Elliott (Cold Steel, 2013 etc.) kicks off an intriguing new fantasy trilogy with—what else?—a doorstopper.
King Anjihosh now rules the land known as the Hundred, having wrested it away from fearsome demons (they are strong, all but unkillable, and have the ability to manipulate human memories) in battle. His elite troops, the Black Wolves, operate mostly in secret, and of these the most trusted is Capt. Kellas. Princess Dannarah dreams of becoming a reeve—royal scouts and messengers who pair-bond with and ride ferocious giant eagles—and resists being married off to cement a foreign alliance. But then her brother, Prince Atani, overhears something he shouldn’t have and runs away. Sent in pursuit, Kellas too learns more than is good for him. The narrative abruptly leaps 44 years into the future. Anjihosh is long dead. Kellas served his successor, Atani, until the latter was treacherously murdered, whereupon Kellas was retired in disgrace and the Wolves disbanded. Now, King Jehosh, fearing a power struggle with his mother, Queen Chorannah, recalls an old but still hale Kellas. Dannarah, once marshal of the reeves but deposed by Jehosh in favor of incompetent sycophants, and Kellas, united in their loyalty to the late Atani, trust the monarchs not at all—and the mystery of Atani’s death rankles. Sophisticated, multifaceted worldbuilding sparked by original flourishes, populated by characters we quickly come to care about and whose motivations drive intricate, absorbing conspiracies—the whole vehicle mired in the kind of ugly, messy structure designed largely to conceal what’s going on from readers and characters alike.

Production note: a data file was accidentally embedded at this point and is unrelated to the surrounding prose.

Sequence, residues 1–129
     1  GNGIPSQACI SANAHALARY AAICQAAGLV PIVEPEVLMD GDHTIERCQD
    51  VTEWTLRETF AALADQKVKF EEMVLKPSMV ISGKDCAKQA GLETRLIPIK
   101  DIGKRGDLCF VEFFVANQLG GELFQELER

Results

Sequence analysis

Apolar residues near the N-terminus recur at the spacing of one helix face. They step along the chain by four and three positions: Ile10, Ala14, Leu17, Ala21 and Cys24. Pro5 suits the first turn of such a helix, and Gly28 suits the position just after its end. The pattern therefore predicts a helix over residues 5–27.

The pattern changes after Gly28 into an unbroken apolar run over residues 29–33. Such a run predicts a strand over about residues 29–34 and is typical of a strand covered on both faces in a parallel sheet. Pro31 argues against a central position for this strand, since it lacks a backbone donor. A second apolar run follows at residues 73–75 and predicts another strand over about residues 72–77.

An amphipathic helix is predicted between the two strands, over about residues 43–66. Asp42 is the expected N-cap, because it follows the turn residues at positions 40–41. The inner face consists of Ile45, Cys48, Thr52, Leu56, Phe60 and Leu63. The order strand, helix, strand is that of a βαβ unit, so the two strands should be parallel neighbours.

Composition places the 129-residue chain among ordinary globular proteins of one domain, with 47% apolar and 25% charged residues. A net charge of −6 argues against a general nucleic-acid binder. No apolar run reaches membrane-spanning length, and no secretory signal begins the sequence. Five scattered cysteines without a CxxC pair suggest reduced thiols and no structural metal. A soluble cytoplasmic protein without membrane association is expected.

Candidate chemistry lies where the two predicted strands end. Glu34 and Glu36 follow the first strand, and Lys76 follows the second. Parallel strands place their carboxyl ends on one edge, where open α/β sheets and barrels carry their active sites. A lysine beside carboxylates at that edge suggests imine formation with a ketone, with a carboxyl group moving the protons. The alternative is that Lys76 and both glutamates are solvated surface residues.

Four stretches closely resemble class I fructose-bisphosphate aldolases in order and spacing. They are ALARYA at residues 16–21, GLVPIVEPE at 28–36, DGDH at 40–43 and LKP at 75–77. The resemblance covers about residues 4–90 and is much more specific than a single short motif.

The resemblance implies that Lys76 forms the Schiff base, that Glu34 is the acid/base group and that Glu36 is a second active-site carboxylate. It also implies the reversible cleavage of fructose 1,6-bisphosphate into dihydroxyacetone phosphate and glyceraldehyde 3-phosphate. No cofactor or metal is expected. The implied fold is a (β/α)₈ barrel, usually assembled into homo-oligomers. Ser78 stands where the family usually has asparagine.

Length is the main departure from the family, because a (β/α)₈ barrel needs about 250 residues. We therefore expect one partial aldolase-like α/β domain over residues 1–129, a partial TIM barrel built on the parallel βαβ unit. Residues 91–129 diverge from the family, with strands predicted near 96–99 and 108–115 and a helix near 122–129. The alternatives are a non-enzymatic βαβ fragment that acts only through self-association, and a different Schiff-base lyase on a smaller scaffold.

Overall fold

One seriously annoying flaw detracts from what otherwise is a stellar performance.